The upturn in house prices "has only just started" and will probably go on for another three years yet, BNZ chief economist Tony Alexander says.
He says in his "weekly overview" that examination of Real Estate Institute of New Zealand data shows that Auckland house prices are already up 27% from the low point in 2009 in the wake of the global financial crisis.
Just behind Auckland is Christchurch with a 23% gain and the capital Wellington, with just an 11% rise. Across the whole country prices are up 16% during the same period.
Compared with the market high point in 2007, Auckland prices are up 12%, Christchurch 9% and Wellington is unchanged. Nationwide, prices are up 5%.
Alexander says the latest upturn bears the greatest resemblance to the one seen in the 1990s, "which was also led by Auckland, rather than the 2000s cycle, which came out of the regions".
"One of the phenomena of the 1990s cycle was that it spread out of Auckland to the rest of the country. Commentary over the past three weeks has started to revolve around that theme."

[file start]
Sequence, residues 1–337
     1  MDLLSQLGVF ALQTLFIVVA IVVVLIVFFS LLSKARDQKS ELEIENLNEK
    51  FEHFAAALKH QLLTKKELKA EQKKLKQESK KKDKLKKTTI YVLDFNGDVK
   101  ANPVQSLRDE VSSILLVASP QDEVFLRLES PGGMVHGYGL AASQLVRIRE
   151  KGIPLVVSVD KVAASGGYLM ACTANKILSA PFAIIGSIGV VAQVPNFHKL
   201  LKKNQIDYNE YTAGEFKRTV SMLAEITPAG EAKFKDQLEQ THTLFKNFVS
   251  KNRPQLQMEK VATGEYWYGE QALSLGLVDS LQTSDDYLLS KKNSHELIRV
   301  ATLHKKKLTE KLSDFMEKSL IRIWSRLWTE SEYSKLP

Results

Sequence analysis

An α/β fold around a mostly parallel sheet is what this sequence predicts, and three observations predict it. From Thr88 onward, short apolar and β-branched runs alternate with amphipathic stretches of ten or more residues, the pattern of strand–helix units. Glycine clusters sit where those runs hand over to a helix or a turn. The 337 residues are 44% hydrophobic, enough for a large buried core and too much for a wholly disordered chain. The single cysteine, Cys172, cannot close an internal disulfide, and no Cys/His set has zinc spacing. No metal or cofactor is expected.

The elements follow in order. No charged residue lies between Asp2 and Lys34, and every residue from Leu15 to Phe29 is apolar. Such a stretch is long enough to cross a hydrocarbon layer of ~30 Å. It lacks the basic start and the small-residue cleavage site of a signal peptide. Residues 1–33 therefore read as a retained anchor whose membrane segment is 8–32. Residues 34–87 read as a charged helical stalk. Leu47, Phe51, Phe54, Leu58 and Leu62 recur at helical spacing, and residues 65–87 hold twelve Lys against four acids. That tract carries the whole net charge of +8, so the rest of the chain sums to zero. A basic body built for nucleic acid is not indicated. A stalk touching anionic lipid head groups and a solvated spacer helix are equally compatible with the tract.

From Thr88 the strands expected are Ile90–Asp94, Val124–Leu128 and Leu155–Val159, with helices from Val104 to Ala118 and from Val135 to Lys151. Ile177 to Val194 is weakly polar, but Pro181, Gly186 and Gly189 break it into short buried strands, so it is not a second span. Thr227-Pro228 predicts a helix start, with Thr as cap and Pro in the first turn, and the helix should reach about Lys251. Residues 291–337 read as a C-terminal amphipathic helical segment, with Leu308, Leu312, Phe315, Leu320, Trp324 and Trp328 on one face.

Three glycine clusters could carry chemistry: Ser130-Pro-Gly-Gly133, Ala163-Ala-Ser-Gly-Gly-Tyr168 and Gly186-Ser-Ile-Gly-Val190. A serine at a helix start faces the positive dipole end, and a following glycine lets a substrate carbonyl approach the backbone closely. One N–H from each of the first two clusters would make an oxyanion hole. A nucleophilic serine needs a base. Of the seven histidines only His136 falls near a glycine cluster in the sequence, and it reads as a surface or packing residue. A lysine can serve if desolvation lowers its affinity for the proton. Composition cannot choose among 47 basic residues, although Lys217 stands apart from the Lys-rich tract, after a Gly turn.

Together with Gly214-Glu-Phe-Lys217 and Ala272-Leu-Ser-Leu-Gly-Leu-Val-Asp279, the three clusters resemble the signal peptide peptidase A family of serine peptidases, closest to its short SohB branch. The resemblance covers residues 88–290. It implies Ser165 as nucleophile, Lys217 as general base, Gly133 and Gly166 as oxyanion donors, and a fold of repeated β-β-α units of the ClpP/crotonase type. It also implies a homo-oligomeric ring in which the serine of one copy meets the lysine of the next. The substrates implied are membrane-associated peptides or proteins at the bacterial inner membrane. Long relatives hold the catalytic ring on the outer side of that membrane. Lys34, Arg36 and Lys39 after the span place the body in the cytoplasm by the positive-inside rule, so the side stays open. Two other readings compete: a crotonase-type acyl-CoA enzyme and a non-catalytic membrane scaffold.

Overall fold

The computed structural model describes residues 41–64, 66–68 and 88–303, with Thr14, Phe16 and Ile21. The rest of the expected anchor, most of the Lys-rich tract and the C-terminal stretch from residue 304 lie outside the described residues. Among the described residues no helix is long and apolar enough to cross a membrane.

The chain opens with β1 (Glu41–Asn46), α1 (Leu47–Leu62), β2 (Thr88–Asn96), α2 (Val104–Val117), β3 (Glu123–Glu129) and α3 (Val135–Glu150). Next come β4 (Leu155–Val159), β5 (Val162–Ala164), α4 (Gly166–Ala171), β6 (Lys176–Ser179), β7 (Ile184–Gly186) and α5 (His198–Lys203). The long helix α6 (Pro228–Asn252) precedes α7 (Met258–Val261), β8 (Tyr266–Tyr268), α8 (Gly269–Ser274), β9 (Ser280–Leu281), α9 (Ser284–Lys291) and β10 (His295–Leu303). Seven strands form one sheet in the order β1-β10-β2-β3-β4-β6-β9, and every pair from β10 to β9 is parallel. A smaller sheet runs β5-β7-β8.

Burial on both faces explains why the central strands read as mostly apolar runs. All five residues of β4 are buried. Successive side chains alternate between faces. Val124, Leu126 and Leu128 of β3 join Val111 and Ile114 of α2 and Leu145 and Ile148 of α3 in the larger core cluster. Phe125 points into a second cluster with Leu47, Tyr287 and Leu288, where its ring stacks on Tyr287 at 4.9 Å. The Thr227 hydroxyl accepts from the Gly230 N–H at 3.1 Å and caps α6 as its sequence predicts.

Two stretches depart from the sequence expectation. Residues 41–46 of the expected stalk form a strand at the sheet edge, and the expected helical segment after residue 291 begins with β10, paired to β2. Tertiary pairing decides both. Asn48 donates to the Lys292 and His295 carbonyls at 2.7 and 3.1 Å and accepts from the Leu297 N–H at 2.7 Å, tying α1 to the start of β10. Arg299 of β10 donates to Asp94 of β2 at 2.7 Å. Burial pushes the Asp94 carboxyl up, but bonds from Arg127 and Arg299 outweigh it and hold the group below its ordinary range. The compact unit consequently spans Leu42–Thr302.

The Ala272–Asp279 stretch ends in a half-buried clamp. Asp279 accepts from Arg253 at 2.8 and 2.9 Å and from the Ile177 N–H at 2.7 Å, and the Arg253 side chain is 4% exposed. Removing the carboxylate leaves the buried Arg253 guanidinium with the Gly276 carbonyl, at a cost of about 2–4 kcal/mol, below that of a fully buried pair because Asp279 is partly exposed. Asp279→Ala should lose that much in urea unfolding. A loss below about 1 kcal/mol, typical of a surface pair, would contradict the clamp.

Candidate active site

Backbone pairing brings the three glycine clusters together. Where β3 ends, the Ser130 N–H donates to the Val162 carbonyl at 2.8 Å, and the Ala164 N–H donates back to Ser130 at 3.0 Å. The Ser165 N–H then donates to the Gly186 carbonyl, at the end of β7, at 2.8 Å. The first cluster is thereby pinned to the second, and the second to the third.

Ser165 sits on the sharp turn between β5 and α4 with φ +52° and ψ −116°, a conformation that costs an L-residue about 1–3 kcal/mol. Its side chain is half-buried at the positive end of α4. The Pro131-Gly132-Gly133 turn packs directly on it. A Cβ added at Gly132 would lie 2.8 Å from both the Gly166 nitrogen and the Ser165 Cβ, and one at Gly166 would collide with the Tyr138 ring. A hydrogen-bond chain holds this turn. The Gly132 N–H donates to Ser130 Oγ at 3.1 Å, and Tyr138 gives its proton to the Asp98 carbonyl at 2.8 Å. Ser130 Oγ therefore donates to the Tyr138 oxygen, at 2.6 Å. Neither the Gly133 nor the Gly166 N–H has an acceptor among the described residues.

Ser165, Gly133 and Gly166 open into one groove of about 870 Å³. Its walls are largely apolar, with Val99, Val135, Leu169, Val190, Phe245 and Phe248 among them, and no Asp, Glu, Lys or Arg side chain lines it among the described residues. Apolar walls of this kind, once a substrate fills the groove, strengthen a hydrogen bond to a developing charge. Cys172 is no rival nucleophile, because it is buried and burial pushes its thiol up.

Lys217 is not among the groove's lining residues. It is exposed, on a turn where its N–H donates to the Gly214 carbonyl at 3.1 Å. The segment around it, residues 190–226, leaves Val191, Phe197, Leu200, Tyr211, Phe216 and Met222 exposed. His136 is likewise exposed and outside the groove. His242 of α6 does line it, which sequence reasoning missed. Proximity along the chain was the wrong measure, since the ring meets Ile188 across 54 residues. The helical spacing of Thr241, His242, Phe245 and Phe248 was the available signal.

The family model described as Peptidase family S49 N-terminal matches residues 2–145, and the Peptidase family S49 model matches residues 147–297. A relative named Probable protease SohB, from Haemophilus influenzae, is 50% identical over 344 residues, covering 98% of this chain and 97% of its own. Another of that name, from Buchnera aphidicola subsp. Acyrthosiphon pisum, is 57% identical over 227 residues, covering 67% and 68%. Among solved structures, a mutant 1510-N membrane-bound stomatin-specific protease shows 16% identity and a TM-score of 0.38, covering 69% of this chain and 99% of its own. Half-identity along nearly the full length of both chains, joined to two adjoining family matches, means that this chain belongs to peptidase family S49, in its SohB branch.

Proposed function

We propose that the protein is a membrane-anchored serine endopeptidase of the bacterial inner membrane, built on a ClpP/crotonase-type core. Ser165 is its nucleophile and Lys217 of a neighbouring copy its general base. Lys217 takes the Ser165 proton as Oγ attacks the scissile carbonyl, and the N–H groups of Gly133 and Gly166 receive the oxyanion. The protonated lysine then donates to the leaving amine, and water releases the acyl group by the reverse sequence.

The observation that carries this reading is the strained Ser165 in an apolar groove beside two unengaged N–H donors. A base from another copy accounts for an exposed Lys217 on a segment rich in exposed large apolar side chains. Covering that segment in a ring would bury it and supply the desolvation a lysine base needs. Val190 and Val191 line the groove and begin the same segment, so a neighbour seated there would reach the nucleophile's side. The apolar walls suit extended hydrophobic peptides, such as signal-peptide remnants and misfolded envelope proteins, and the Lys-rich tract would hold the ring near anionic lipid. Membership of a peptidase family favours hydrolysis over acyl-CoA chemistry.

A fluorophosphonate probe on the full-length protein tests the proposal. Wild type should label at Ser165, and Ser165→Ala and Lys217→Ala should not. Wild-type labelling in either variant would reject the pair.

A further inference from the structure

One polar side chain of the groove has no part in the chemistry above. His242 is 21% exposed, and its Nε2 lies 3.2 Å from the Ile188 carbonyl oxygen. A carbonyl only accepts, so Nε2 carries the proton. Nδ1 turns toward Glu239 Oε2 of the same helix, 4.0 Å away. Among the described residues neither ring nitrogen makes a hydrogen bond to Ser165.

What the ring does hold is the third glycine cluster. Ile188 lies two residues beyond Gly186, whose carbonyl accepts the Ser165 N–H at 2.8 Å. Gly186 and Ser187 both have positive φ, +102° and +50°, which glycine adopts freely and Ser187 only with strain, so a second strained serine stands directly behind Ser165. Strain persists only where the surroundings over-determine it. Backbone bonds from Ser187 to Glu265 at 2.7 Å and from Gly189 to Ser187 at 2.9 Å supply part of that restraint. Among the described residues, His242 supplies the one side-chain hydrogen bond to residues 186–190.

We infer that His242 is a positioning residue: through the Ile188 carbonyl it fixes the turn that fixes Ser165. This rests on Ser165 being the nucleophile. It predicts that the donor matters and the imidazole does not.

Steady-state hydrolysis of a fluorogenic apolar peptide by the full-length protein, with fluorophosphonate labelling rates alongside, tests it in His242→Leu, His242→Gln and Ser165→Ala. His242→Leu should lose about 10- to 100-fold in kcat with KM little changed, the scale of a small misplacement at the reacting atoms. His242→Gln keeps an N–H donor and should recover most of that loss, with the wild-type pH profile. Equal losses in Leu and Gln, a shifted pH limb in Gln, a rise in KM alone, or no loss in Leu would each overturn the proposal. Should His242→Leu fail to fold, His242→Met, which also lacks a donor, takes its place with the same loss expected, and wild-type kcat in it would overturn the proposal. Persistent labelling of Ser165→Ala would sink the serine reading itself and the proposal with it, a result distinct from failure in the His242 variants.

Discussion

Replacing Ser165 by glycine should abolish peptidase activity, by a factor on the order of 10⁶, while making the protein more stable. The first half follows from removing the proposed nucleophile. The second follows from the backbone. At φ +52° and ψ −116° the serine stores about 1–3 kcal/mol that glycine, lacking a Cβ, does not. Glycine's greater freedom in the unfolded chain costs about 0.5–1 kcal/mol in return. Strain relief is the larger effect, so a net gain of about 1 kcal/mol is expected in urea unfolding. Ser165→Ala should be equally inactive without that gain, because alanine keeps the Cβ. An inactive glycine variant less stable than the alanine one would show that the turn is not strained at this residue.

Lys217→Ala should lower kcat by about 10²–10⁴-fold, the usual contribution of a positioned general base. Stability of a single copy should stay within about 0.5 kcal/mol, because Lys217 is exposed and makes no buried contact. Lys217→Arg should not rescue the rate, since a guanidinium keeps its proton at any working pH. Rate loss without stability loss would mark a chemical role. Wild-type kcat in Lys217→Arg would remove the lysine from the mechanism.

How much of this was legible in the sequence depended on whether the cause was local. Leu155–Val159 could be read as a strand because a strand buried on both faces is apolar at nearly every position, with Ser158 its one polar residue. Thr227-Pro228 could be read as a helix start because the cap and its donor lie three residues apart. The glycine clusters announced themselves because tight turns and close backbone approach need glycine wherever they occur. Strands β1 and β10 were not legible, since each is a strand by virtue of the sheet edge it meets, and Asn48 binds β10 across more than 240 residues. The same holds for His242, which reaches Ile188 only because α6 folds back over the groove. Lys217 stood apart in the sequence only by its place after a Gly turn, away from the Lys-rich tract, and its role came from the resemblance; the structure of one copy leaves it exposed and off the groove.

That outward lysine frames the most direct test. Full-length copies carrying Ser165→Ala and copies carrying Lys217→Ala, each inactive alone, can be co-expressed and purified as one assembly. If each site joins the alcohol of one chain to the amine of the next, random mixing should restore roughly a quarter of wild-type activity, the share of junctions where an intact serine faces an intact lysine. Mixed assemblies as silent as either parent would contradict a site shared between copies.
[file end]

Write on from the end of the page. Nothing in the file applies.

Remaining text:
The latest price figures suggest that the Wellington market is "due for a decent catch-up", Alexander says.
The BNZ in conjunction with REINZ runs a monthly Residential Market Survey. In its next one, due in two or three weeks, it will be featuring some "solid data" on the presence of offshore buyers in the New Zealand market.
"There are literally hundreds of anecdotes flying around regarding Chinese buying residential property in Auckland," Alexander says.
He cites an email he received from an Auckland developer who recently tendered for a development plot, put in what he considered was a price "at the higher end of what it was worth" and ended up being outbid by numerous tenders "and from what I am told they were all from Asian investors. Every developer we talk to is complaining of being consistently outbid by Asian investors on development land", the developer said.
Alexander says there is a lot of speculation that these offshore investors are using the purchase of development land to gain entry to the country "under the investment route somehow, either directly or through an already established development business, and if that was the case it would not only be unfair competition (they are paying a premium for the land to purchase residency), but also has implications to the housing market, and surely won't be helping affordability?"